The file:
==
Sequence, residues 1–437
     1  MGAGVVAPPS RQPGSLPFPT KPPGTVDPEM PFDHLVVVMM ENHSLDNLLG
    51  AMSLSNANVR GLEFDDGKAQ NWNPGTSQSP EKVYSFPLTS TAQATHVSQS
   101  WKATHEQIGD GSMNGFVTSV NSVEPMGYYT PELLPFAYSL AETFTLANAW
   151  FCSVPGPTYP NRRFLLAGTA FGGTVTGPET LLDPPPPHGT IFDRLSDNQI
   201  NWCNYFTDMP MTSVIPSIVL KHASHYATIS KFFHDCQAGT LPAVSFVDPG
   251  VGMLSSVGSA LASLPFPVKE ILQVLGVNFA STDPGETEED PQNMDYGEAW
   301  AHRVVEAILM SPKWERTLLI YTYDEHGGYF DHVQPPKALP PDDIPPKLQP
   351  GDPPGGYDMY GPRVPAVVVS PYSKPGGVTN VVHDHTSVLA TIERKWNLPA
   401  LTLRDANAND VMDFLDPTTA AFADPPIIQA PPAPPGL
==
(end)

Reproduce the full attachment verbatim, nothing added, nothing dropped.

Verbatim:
Sequence, residues 1–437
     1  MGAGVVAPPS RQPGSLPFPT KPPGTVDPEM PFDHLVVVMM ENHSLDNLLG
    51  AMSLSNANVR GLEFDDGKAQ NWNPGTSQSP EKVYSFPLTS TAQATHVSQS
   101  WKATHEQIGD GSMNGFVTSV NSVEPMGYYT PELLPFAYSL AETFTLANAW
   151  FCSVPGPTYP NRRFLLAGTA FGGTVTGPET LLDPPPPHGT IFDRLSDNQI
   201  NWCNYFTDMP MTSVIPSIVL KHASHYATIS KFFHDCQAGT LPAVSFVDPG
   251  VGMLSSVGSA LASLPFPVKE ILQVLGVNFA STDPGETEED PQNMDYGEAW
   301  AHRVVEAILM SPKWERTLLI YTYDEHGGYF DHVQPPKALP PDDIPPKLQP
   351  GDPPGGYDMY GPRVPAVVVS PYSKPGGVTN VVHDHTSVLA TIERKWNLPA
   401  LTLRDANAND VMDFLDPTTA AFADPPIIQA PPAPPGL